Half of getting people to become more aware of issues like breast cancer and change their behavior is to make an emotional pitch that gets in their guts or their hearts. Recent ad campaigns, like Know Your Girls from the Ad Council, have been really successful here.

Ad showing three Black women with copy that says "How well do you know these girls?" which is positioned around one woman's breasts.

But the other half of raising awareness and creating behavior change is appealing to people’s logic using data. And we can do so much more here. Research related to increasing awareness of climate change tells us that we win people over when we speak to both their emotions and their logic. Breast cancer awareness needs more of the hard data logic. 

Susan G. Komen does have some data on how breast cancer disproportionately affects women of different races.

Graph of breast cancer incidence rates from 2012-2016, by race.
White 130.5
Black 124.0
Asian/Pacific Islander 100.1
Hispanic 97.2
American Indian/Alaska Native 79.5
Data available at linked URL

If you dig deep enough into the data section of their website, you’ll be able to find data on how breast cancer rates breakdown over time – and there’s a profound story in here, particularly if we could figure out how to present it better. Can you see the story?

Breast cancer incidence and mortality rates over time for Black and White women. Data available at linked URL.

Let me spell it out: This graph is showing that, while white women have a higher incidence of breast cancer than black women, black women are more likely to die from the disease. 

Now that I say that, can you see it in the Komen graph? It is easier, right? And that’s why strong, courageous, clear titles are important. But that’s not all. A better graph type on the same data would paint a picture that better matches this urgent, important story.

Overlapping bar chart of breast cancer incidence and mortality data for Black and White women. Data available at previous link.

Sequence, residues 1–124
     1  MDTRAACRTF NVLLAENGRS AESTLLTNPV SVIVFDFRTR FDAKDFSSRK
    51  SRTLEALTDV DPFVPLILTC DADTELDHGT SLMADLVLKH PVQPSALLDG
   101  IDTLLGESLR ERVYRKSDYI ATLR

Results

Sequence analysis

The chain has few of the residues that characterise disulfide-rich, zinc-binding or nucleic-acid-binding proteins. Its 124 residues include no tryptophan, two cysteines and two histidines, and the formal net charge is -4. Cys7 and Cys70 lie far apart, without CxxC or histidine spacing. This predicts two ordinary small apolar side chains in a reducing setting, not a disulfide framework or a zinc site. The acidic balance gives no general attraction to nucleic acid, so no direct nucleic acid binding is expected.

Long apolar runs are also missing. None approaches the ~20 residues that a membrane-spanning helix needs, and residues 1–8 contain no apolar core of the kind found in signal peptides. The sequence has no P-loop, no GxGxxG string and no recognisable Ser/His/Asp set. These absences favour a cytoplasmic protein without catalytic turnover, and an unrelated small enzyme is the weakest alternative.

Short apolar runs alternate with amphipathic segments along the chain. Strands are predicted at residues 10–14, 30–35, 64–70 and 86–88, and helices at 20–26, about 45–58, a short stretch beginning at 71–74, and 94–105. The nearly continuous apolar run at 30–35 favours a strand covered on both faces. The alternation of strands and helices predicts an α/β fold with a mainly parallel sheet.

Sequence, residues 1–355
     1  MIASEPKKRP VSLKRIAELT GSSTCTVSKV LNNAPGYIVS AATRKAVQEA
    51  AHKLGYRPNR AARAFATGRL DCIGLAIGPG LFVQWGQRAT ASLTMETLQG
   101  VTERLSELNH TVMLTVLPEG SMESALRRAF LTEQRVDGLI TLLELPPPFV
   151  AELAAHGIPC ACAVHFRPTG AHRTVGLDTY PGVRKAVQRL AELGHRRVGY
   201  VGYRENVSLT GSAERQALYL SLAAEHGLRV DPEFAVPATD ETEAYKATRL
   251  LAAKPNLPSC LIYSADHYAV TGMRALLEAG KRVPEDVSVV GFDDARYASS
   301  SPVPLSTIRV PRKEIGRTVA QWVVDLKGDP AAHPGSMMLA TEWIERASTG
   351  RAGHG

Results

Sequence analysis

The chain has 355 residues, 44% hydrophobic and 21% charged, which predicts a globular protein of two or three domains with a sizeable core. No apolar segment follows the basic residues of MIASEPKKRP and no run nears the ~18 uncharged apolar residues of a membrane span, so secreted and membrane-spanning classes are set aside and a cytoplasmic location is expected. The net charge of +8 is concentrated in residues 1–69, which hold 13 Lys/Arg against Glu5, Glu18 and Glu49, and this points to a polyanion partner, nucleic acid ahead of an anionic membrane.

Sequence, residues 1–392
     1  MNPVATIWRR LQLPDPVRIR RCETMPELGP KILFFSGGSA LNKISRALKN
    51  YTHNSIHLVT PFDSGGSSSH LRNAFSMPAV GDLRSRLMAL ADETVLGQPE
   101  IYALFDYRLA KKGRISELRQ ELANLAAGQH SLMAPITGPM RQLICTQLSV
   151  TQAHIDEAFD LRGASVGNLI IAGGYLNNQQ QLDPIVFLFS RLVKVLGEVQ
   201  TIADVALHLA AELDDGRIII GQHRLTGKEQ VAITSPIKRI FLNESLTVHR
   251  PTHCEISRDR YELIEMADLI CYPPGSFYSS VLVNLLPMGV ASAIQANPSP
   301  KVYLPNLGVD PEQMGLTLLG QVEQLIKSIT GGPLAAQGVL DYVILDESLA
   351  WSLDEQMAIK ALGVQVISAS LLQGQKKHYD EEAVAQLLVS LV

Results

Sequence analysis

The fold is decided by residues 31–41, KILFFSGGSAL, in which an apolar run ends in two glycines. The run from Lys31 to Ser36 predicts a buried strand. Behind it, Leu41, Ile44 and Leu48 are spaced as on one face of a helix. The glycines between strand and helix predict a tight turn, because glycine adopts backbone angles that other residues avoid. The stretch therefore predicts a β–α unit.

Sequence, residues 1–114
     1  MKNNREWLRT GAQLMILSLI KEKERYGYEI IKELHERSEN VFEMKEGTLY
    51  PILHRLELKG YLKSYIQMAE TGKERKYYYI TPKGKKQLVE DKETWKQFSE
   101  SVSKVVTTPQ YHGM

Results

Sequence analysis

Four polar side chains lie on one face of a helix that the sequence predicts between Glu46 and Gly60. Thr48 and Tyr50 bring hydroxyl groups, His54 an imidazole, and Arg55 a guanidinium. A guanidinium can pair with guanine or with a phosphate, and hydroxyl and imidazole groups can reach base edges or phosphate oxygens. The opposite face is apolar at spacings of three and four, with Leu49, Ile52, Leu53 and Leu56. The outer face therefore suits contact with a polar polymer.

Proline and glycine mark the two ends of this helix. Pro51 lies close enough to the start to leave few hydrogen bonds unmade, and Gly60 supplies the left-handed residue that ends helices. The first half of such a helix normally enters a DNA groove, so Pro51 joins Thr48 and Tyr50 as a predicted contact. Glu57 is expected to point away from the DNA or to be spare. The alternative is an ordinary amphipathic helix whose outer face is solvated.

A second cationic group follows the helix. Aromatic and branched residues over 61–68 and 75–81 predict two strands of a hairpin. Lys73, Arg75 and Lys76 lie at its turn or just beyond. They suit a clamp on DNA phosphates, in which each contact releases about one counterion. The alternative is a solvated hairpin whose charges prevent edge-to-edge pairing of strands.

An overlapping bar chart is a more straightforward way of graphing data when the two variables are inherently interrelated, like incidence and mortality. This better captures the relationship, showing that those who die from breast cancer are a subset of those who contract the disease in the first place. The larger set of blue bars in the graph for Black women is key here.

If we wanted to zoom in on the racial disparity angle of this story, we could take this even further. You see, with the overlapping bar chart, it is easy to spot the relationship between incidence and mortality rates for each race but it is not so easy to compare incidence rates between Black women and White women because (1) the data are in two separate graphs and (2) the scale stretches all the way down to zero so as to include the mortality data. I mean, the gray bars don’t look all that different, do they?

Let’s reshuffle the data so incidence rates are paired together and mortality rates are paired together, using scales that are more appropriate for each set of data. And this time, let’s use a graph type that better tells stories about disparity – a dumbbell dot plot.

Two graphs showing the disparity in breast cancer incidence and mortality rates among Black and White women. Data available at earlier link.

When we cram the data on the same scale, we make it difficult to see the important disparities in each data set. Adjusted scales, appropriate graph types, and clear titles (and – heaven help me – losing pink) create a set of visuals that tell the story about breast cancer disparity with the concern and urgency that are warranted.

We teach folks how to make smarter graphing choices in our Data Visualization Academy.

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